Chocolate Chip Cookies and Why I Am A Health Coach
I work with adolescents and primarily women in areas of self-compassion and gentleness with their bodies.
When I was about twelve years old I was up very late one night in my bedroom kneeling on the brown-flecked carpet as only young, stretchy bodies can do. I was surrounded by my original Strawberry Shortcake dolls, Little House on the Prairie books, a Hello Kitty purse, and Laura Ashley yellow wallpaper that my mom had probably chosen with her love of all things Princess Diana and British. I was in the liminal space between childhood and young womanhood and I was drawing the long, limber figures of ballerinas in my sketchpad while sneaking still warm chocolate chip cookies from the kitchen. I remember that night viscerally because it was the first time I was aware of my body as something that felt like it was betraying me in my appetites, my emotions and the way I looked - all of which left me with the feeling of being utterly alone in the world. A feeling I realized many years later was common for women in all stages of life.
I didn't realize until I was in my forties that I had been looking for a health coach for almost my whole life. I had no idea what they were until I had gone back to school, to study psychology, and my practicum track was training to work as a functional medicine health coach. All of a sudden I was surrounded by practitioners in the fields of neuroscience, nutrition, positive psychology and mind-body medicine who were teaching me an integrated approach to our bodies - and helping me understand some of the very things I had tried for years to understand about myself!
Migraines, miscarriages, endometriosis, prenatal and postpartum depression. Fatigue, overwhelm, and loneliness. Weight loss and gain. Menopause and unexpected surgeries. Sleep struggles. Grief, big life transitions, and needing help to navigate every question that keeps us up late at night when the house gets quiet, in a safe place with reliable, compassionate help. Where had health coaches been was I was 16? 30? 43?
I looked around and saw women younger than me who were being offered freedom and insight to explore what their bodies were going through, backed by the validation of researchers. I saw young mothers being given empathic space and support for postpartum depression, changing hormones, and how to understand the way they navigated relationships with both themselves and others. I saw teenagers being taught about their brains and why their emotions could be feeling the way they did - and being shown the beauty of how they, as adolescents, saw the world. I wanted in on this!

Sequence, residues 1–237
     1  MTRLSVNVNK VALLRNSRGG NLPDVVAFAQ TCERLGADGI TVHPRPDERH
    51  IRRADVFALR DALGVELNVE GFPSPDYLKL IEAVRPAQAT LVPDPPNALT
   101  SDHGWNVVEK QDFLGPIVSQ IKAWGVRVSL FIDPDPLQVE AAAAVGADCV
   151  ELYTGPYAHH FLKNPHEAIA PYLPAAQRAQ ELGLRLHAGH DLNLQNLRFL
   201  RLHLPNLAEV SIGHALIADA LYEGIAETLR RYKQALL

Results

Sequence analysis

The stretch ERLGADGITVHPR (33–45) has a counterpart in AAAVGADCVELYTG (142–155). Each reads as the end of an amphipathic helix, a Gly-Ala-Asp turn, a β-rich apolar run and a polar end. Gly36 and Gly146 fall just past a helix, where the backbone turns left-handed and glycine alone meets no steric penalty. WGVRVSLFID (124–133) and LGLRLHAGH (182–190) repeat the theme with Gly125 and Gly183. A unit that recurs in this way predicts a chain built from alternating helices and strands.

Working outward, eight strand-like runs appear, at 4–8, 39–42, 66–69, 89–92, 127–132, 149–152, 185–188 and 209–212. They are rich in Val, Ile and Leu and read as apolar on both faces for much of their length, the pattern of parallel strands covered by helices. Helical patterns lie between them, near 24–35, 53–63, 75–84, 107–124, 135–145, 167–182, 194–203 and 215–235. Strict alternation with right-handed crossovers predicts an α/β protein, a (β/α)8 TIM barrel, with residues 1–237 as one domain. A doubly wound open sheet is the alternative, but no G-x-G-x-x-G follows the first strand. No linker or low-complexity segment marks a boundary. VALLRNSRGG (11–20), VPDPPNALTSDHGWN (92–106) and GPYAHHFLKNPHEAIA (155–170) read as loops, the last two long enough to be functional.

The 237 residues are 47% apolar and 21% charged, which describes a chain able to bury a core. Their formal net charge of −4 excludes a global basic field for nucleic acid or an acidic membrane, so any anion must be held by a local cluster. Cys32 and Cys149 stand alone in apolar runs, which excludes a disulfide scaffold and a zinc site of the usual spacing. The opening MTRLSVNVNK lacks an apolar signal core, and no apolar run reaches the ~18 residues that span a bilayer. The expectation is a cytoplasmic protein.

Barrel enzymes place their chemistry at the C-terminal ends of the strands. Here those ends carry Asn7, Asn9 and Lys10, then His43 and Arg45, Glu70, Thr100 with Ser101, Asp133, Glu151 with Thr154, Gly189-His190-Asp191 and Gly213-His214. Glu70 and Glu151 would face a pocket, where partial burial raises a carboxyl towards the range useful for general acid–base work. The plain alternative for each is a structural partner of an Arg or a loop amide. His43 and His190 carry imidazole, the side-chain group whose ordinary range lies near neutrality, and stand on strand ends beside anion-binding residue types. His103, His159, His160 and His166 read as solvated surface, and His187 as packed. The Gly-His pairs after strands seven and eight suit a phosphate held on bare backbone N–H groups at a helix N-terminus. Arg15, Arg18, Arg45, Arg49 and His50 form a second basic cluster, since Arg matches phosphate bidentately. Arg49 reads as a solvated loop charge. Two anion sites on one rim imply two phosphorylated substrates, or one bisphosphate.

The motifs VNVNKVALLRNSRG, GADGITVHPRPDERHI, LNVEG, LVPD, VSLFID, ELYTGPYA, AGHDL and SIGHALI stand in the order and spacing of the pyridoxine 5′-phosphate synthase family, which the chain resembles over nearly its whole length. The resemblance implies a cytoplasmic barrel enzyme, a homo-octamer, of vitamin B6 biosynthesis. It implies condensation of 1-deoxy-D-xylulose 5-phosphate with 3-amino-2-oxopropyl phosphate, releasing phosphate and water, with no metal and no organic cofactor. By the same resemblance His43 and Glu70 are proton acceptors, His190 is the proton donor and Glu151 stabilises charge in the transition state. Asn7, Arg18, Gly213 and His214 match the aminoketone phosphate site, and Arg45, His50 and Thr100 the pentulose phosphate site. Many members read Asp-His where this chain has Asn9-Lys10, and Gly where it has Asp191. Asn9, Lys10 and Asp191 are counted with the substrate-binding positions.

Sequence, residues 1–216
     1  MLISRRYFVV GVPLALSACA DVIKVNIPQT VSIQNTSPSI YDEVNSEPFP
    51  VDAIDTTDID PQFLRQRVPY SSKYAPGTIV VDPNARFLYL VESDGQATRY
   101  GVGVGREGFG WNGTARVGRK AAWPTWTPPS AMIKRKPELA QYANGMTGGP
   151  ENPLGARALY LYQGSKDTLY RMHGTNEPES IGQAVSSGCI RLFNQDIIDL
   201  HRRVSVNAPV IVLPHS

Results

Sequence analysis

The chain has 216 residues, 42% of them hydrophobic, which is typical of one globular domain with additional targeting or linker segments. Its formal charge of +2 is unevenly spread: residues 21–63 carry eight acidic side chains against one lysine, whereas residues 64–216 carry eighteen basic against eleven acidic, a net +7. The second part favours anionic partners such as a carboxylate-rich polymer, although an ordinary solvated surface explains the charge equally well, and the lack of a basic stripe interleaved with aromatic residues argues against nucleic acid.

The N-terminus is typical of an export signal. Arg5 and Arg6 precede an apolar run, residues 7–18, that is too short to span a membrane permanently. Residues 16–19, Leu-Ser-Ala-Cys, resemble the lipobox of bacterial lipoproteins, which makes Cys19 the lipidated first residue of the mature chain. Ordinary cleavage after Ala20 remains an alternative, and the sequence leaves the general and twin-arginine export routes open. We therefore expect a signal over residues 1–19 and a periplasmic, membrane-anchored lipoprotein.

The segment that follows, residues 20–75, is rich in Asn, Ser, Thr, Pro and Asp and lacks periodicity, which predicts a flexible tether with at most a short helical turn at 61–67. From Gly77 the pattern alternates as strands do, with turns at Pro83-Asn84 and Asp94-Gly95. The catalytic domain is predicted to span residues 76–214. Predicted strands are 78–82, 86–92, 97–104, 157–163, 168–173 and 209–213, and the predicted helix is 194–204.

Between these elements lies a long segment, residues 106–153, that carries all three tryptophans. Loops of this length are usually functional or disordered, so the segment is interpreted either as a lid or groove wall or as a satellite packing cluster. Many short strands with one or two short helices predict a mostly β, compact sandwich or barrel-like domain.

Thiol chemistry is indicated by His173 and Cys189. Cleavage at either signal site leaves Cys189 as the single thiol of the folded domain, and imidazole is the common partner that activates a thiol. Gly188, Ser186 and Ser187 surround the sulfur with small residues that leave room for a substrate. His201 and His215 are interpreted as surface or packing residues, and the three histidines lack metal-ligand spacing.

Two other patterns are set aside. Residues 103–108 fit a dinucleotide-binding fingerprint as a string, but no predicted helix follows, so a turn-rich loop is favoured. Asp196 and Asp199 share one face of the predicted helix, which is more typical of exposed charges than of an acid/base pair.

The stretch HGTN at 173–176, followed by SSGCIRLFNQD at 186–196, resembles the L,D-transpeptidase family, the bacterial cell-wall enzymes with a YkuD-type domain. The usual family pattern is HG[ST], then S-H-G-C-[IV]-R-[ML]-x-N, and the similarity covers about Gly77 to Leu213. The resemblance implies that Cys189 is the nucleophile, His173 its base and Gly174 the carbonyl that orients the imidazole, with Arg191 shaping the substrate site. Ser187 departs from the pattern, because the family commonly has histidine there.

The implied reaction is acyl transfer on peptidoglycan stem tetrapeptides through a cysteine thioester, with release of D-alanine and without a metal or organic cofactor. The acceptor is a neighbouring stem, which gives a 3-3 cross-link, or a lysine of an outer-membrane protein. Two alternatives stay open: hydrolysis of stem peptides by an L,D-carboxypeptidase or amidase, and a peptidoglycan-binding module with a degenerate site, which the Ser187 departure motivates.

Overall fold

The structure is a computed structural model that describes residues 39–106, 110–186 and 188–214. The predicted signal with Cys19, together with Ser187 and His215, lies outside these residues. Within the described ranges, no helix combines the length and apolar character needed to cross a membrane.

As I dove deeper into this field and made it my profession, I loved offering support to my clients to be informed and in charge of what their bodies, emotions, and brains were telling them, and knowing how to interpret it all well. I found so much enjoyment in offering the kind validation and resources to my clients that I had spent decades longing for - since I was that young girl drawing bodies she thought looked beautiful and struggling to understand her own.
"The field of health coaching has become increasingly sophisticated as it draws from a growing body of evidence-based coaching psychology, positive psychology, adult learning theory, motivational interviewing (MI), and new findings in neuroscience. Health coaches tap into theoretical frameworks and conceptual models including self-determination theory, adult development theory, learning theory, MI, transtheoretical model, social cognitive theory, internal family systems, locus of control, self-efficacy model, appreciative inquiry, and nonviolent communication techniques. The training and education for health coaches concentrate on more than 50 years of research in social psychology, health promotion, organizational leadership, behavioral and positive psychology, and the latest findings in neuroscience and the workings of the brain."
- Coaching vs Psychotherapy in Health and Wellness: Overlap, Dissimilarities, and the Potential for Collaboration; Meg Jordan, PhD, RN, CWP, United States; John B. Livingstone, MD, FRSH (UK), United States